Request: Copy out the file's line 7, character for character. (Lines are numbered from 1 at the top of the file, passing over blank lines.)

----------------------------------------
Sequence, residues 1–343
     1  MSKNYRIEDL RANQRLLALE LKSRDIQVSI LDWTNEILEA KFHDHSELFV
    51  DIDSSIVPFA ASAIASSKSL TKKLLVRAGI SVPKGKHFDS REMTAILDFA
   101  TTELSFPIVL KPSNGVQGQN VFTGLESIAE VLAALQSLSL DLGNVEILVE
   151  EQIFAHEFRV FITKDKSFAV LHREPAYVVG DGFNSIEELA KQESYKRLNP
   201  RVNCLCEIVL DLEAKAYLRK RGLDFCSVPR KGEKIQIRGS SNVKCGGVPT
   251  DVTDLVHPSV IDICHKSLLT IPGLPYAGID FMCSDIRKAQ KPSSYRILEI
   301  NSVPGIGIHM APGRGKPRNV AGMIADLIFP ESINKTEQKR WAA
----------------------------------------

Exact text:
   251  DVTDLVHPSV IDICHKSLLT IPGLPYAGID FMCSDIRKAQ KPSSYRILEI